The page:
Support for Boston Shows that Sports Transcend Rivalries


I am what I alternately refer to as a displaced Boston Bruins fan or a member of Bruins Nation Southeast, but though I live a thousand miles south of the Hub, my heart still breaks for the victims of yesterday’s terrible bombing at the finish line of the Boston Marathon.

I’ve never had the pleasure of enjoying Patriot’s Day in Boston, but I’ve heard it’s a ton of fun. It’s a school holiday. The Boston Red Sox play an early game, people run the Boston Marathon and then the Bruins were scheduled to play later that day. Thank goodness the game was rescheduled. It’s going to be hard to reschedule, since the Bruins play literally every other day between now and April 28 and the NHL forbids teams from playing three days in a row. Either they’ll need to make an exception or they’ll need to put this game on or after April 28, but that doesn’t matter. What matters is that, just hours after a gathering of innocent people was violated by death and destruction, the right step was taken. It would’ve been a shame if the league allowed the game to continue.

The players were already starting to arrive before they were told to go home. Andrew Ference had trouble getting in touch with his two daughters, who were down around the bombing site, though he eventually got to them via FaceTime. Later on, he had to explain to those two little girls that some people have malice in their hearts, but for every bad person out there, there are hundreds of good ones. It’s the same advice Mr. Rogers got from his mother when he was little and saw bad things on the news. She said to look for the helpers. That’s good advice–look for the helpers: the runners who, after running for 26.2 miles, went back and helped people. The on- and off-duty Boston police who went in and did their jobs. The firefighters. The doctors and nurses. The people from all walks of life who offered food, a place to sleep, phone charging and wi-fi so frightened people could get in touch with their families.

I’m from a city where this form of terror has happened before. I was very young at the time and out of town visiting family when Eric Rudolph bombed Centennial Olympic Park in downtown Atlanta during the 1996 Olympics. Even though my memories are hazy, I distinctly remember hearing two people had died and my parents trying to explain it in an age-appropriate way. This tragedy was the worst way to cap off what was otherwise a fun event that put Atlanta on the map as an international city. In fact, there’s a statue in the park bearing the imprint of a nail that was in the bomb’s shrapnel.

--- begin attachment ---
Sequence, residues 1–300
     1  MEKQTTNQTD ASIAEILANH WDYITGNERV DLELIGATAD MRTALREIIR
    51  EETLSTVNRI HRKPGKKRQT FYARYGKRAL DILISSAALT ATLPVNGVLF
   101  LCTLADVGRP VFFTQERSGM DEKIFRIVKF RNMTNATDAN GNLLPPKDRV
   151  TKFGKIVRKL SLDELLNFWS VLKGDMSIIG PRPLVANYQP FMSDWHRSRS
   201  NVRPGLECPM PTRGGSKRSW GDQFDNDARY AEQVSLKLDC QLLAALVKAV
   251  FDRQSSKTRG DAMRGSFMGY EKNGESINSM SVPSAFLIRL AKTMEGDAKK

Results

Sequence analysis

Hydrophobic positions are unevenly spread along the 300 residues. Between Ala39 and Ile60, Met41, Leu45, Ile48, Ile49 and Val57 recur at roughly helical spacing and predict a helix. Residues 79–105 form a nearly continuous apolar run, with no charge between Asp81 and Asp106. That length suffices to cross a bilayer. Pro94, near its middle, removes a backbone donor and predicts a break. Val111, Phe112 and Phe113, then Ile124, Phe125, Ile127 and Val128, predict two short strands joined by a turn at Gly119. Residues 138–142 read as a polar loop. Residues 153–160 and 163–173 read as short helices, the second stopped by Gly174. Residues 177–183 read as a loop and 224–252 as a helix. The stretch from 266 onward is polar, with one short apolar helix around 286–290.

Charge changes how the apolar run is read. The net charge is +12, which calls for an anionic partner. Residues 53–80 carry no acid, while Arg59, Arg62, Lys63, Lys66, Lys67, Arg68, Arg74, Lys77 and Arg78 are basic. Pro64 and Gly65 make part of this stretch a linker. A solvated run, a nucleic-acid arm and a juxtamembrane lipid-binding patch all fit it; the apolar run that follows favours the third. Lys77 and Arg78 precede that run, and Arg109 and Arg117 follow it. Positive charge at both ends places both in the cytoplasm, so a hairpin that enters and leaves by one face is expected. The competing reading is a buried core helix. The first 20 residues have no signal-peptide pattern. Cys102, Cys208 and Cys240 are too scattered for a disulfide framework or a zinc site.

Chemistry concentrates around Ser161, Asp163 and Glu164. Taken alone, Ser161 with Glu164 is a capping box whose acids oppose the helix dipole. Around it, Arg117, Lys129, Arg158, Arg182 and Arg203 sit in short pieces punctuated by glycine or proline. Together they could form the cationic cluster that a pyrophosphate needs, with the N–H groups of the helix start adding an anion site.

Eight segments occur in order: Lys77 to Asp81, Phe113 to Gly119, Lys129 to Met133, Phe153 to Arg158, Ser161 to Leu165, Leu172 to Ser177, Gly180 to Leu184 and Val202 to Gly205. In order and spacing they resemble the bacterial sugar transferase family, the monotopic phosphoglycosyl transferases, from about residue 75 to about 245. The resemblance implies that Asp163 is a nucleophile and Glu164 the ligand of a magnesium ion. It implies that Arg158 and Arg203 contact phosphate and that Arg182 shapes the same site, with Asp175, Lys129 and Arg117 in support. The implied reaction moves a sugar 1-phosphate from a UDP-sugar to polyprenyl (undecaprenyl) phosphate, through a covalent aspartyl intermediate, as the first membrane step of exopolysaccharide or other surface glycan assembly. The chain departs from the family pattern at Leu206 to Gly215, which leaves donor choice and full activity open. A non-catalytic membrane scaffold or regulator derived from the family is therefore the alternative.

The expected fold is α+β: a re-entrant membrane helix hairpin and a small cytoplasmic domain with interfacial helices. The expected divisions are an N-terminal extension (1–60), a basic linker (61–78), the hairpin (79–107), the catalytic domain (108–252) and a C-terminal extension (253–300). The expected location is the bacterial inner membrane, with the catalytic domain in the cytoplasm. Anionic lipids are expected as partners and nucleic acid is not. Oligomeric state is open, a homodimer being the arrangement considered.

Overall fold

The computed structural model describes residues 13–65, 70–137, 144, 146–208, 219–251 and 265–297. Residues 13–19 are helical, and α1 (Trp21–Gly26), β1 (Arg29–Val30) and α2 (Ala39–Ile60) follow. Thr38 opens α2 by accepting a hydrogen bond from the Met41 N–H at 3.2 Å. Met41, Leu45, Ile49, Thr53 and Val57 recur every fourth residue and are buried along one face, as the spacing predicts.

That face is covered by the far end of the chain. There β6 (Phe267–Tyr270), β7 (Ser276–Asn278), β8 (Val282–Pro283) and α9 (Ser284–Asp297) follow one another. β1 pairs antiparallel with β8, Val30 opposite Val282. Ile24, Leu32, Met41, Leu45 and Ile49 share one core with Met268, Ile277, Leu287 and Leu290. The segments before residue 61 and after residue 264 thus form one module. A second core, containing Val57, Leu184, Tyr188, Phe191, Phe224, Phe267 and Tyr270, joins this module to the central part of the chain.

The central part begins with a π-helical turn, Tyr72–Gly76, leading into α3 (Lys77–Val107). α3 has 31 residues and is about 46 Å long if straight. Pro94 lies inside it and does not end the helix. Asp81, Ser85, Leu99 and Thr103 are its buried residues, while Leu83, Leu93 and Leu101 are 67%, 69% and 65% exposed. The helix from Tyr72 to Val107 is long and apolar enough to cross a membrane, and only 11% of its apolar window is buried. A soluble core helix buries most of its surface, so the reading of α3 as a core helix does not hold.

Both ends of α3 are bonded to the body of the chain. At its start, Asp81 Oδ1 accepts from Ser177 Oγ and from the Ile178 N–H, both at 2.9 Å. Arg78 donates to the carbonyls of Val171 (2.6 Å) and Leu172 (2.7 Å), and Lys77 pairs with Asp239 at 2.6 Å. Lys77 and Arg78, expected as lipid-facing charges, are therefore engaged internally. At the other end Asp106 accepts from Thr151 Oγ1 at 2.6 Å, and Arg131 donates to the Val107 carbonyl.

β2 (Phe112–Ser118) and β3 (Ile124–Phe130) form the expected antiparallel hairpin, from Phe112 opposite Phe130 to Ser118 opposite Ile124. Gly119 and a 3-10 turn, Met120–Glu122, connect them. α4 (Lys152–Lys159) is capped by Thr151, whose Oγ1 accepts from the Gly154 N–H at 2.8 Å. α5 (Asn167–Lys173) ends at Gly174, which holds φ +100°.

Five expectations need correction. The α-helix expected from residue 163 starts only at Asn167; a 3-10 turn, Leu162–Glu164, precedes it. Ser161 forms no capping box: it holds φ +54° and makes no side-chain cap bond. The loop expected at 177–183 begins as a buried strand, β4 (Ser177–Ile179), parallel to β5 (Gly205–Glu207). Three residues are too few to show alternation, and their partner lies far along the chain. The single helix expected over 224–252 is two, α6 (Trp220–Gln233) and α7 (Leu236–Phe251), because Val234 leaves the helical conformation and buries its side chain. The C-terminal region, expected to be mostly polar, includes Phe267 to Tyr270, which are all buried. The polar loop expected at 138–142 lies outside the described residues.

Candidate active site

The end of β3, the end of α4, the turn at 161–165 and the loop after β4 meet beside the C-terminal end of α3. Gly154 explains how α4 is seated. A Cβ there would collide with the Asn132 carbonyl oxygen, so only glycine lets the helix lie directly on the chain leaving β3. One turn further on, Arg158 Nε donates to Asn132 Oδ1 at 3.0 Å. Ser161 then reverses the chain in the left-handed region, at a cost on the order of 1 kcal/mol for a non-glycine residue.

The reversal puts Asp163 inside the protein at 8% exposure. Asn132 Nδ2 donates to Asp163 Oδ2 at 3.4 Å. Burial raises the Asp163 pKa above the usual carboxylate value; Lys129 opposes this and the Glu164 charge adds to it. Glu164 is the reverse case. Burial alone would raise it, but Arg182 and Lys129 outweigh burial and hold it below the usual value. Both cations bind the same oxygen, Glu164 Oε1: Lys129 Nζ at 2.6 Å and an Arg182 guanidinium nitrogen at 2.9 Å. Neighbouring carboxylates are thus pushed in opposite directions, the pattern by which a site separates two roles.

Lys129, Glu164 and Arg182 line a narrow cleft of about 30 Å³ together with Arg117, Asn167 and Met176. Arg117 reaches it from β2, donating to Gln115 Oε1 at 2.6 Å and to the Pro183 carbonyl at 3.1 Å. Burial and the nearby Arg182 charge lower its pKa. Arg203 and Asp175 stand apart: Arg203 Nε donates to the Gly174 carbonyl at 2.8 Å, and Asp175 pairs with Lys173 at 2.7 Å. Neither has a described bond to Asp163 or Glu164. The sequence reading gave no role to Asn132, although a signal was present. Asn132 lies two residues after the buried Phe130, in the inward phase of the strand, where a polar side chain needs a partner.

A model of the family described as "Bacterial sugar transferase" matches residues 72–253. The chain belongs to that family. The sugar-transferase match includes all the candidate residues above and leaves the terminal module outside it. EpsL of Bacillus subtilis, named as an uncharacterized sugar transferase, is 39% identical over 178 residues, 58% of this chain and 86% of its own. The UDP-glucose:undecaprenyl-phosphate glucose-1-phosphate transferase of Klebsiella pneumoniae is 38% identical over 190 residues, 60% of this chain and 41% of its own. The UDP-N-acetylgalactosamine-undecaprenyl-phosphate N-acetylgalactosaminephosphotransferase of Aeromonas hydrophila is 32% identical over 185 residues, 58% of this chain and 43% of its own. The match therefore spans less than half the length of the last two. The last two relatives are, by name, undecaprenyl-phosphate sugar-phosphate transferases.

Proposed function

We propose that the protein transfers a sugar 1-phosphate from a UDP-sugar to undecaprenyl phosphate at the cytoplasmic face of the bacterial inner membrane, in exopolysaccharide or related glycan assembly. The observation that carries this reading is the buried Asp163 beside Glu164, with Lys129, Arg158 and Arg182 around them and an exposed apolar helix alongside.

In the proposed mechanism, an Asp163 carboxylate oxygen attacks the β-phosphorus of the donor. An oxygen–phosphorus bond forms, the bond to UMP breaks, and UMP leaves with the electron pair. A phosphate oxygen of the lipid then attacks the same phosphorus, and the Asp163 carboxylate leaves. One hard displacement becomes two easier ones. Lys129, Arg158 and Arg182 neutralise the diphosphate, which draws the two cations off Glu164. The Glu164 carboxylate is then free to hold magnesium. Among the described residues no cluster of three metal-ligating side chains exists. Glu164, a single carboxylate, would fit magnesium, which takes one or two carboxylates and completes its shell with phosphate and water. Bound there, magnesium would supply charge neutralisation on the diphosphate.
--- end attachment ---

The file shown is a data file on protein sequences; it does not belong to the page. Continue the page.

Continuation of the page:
The shows of support for Boston that have been pouring in since the explosions are all wonderful to see. The Chicago Tribunesports page ran a huge graphic that said “We are the Chicago [insert Boston team name here]” for every pro team in the city, as pictured above. A building in New York City projected inspirational quotes on the wall. In Atlanta, runners gathered at a running store early this morning–the store usually opens at 10 a.m.–for a moment of silence and a run.

Even Boston’s archrivals showed support–the Montreal Canadiens held a solemn moment of silence before last night’s game. The arena was darkened, save for a few necessary lights, and the fans of the team that usually hates the Bruins’ guts put aside the rivalry and focused on humanity. Similar tributes were given at the Chicago Blackhawks and Nashville Predators games and were much appreciated. Massachusetts native Keith Yandle wrote a message of support on his skate.

The Bruins are still scheduled to play tomorrow at TD Garden. At that time, the team that also honored the heroes of the Newtown tragedy will find a heartfelt, respectful way to pay their respects for a terrible event that happened even closer to home. Sports are one of many ways that people heal after tragedies. Consider how sports helped people in the aftermath of 9/11. When the Bruins take the ice again, they’ll help the city heal too.

If you are able, consider donating blood–in a month or so. The area Red Cross reported having enough to get on with yesterday, but I hear blood has a shelf life of about 42 days. So, there may be a need for donations later. If you are not able to donate blood, consider donating money to the Red Cross. Most of all, just make sure that the people you care about know that you care about them.


Emma Harger is a Boston Bruins and NHL writer for Follow her on Twitter, like her on Facebook and add her to your network on Google.

Around the Web